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Jan. 6 hearings drive home the point that Trump really did lose


When I have conversations with folks who work outside of politics and media, I often hear an understandable question: What will it take for Republican voters to accept the legitimacy of election results?

I know Donald Trump lost in 2020. Chances are pretty good that you know it, too. But for a ridiculously large chunk of the population, it only looks like the former president lost — and anyone who says otherwise by pointing to evidence must be lying.

Part of the challenge is identifying sources these voters might find credible. Obviously, rank-and-file election deniers are unmoved by election results. And the conclusions of state election officials from both parties. And court rulings. And journalists’ investigations. And the assurances of congressional leaders from both parties. And the findings of former Vice President Mike Pence’s team. And even the judgment of Trump’s Republican attorney general.

But maybe these folks will listen to Trump’s own campaign operation? The question came to mind watching a video that Republican Rep. Liz Cheney, the ranking member of the Jan. 6 committee, released earlier this week. If you missed it, the Wyoming congresswoman said:

“Yesterday, the select committee’s hearing showed all Americans that President Trump’s claims of a stolen 2020 election were, to use former attorney general Barr’s words, ‘complete nonsense.’ We heard this from Donald Trump’s own campaign experts, his own campaign lawyers, his own campaign manager, his attorney general, and others Donald Trump appointed to leadership positions in the U.S. Department of Justice. President Trump’s advisers knew what he was saying was false, and they told him so directly and repeatedly.”

Now, the point Cheney intended to drive home related to the investigation and Trump’s legal culpability, but these truths also have broader applicability — because they serve as a reminder that Trump really did lose.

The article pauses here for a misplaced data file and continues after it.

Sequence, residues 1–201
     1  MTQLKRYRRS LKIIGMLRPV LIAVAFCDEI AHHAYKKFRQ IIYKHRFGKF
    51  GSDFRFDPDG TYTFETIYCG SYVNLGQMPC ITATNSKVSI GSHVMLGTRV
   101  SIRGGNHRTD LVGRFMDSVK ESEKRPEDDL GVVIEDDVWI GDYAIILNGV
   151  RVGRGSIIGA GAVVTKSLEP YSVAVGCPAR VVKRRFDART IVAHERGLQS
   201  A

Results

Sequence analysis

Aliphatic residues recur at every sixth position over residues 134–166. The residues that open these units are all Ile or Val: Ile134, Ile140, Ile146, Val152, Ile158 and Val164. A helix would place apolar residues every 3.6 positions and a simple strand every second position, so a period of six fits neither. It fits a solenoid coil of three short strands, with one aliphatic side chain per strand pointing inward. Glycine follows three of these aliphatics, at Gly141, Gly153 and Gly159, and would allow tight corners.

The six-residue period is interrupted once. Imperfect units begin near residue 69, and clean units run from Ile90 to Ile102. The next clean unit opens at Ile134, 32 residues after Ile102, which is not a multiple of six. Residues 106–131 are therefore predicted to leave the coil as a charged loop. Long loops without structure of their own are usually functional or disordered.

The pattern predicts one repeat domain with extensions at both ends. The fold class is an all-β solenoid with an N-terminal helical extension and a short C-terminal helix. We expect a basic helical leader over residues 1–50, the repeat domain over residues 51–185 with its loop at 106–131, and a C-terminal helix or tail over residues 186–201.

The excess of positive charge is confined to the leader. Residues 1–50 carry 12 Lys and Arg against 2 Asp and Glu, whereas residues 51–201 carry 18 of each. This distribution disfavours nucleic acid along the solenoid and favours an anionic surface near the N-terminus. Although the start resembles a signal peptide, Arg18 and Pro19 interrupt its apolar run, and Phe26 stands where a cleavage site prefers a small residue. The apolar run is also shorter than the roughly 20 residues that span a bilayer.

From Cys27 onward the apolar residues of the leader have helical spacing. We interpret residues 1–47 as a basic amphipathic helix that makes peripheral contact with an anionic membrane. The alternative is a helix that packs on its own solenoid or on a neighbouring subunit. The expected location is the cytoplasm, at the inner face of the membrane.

For the absurd percentage of GOP voters clinging to the idea that President Joe Biden’s election was illegitimate, all of this probably ought to matter. They may not believe vote tallies, election officials, judges, journalists, and members of Congress, but maybe they’ll believe Donald Trump’s own campaign manager, Trump’s own campaign lawyers, and Trump’s own campaign data team?

Are election deniers really prepared to make the case that Trump’s political operation was filled with nefarious RINOs who were secretly in on a mysterious conspiracy against their boss?

The answer is, yes, they probably are. HuffPost noted yesterday, “Republican senators who objected to the 2020 election result on Jan. 6, 2021, are standing by their votes even as several people from Donald Trump’s inner circle admitted in depositions that claims of widespread election fraud were a sham.”

Around the same time, a CNN reporter added, “House Republicans who objected to the certification of the 2020 election results are digging in and defending their votes on January 6, despite Donald Trump’s inner circle testifying that there was no merit to the former president’s stolen election claims.”

The House Jan. 6 committee is holding its third public hearing on Thursday, June 16 at 1 p.m. ET. Get expert analysis in real-time on our liveblog at msnbc.com/jan6hearings.



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